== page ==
What Is Mold?
Molds are various types of fungi (singular = fungus) that grow in filaments and reproduce by forming spores that can travel through the air. The term mildew refers to some kinds of mold, particularly mold in the home with a white or grayish color or mold growing in shower stalls and bathrooms. Mold may grow indoors or outdoors and thrives in damp, warm, and humid environments. Mold exists in essentially any environment or season.
The most common types of household mold found indoors include Cladosporium, Penicillium, Alternaria, and Aspergillus. Stachybotryschartarum (also known as Stachybotrys atra and sometimes referred to as "black mold") is a greenish-black mold found indoors, although it is less common than the other types of mold found in homes. Stachybotrys grows on household surfaces that have high cellulose content, such as wood, fiberboard, gypsum board, paper, dust, and lint. There are types of mold that can grow on substances as different as foods and carpet.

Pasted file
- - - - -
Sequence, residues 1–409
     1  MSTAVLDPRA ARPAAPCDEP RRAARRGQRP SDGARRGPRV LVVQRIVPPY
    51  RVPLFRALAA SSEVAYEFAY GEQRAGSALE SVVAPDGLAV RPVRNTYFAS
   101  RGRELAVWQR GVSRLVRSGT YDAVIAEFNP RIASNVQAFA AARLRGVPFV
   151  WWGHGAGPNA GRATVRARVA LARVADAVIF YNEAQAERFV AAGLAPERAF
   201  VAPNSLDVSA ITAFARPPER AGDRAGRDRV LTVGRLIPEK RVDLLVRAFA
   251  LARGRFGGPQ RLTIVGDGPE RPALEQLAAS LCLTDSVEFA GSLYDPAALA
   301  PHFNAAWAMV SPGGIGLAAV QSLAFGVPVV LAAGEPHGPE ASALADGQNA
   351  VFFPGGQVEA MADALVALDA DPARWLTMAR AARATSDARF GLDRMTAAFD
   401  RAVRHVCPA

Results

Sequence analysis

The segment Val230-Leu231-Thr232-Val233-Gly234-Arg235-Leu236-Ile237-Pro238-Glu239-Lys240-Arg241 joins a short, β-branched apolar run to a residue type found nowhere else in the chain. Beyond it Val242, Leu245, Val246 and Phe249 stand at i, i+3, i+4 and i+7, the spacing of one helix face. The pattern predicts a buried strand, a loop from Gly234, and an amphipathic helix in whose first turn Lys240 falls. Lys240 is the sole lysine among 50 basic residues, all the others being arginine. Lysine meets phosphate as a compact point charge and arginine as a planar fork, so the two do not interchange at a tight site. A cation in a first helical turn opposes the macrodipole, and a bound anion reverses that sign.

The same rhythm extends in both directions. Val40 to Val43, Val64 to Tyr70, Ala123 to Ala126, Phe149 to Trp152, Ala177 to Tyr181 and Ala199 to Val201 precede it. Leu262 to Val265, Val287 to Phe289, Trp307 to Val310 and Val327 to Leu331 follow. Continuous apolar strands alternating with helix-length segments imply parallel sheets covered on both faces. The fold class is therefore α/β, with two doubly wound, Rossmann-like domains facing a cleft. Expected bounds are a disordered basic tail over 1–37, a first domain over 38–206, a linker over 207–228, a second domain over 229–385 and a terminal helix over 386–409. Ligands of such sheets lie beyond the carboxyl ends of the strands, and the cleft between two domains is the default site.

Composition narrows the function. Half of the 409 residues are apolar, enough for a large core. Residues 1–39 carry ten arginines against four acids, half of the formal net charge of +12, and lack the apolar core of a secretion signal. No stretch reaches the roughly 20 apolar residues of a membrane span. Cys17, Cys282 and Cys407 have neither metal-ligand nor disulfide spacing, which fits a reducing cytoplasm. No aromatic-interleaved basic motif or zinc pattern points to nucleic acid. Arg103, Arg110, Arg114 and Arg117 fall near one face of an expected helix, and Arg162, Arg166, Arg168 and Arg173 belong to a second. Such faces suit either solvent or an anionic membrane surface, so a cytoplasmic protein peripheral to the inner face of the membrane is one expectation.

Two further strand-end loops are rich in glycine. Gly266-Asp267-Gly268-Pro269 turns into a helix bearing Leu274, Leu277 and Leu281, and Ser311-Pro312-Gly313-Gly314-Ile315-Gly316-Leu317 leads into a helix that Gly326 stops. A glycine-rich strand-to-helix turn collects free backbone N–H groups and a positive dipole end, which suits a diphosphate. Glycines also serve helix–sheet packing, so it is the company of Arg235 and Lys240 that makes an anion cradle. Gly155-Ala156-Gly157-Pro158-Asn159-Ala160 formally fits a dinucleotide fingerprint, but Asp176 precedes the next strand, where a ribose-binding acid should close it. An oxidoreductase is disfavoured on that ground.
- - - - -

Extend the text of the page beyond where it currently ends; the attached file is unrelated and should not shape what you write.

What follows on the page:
Molds reproduce by forming tiny spores that are not visible to the naked eye. Mold spores are very hardy and can survive under conditions in which mold cannot grow, such as in dry and harsh environments. These spores travel through outdoor and indoor air. When the mold spores in the air land on a surface where moisture is present, mold can then start to grow.
Outdoors, molds play a role in the decomposition of organic material such as dead trees, compost, and leaves. They are most common in damp, dark areas or areas of decomposing plant life. People often find mold indoors in basements or shower stalls. Indoor mold in residential areas has the potential to cause health problems and can destroy surfaces and objects where it grows.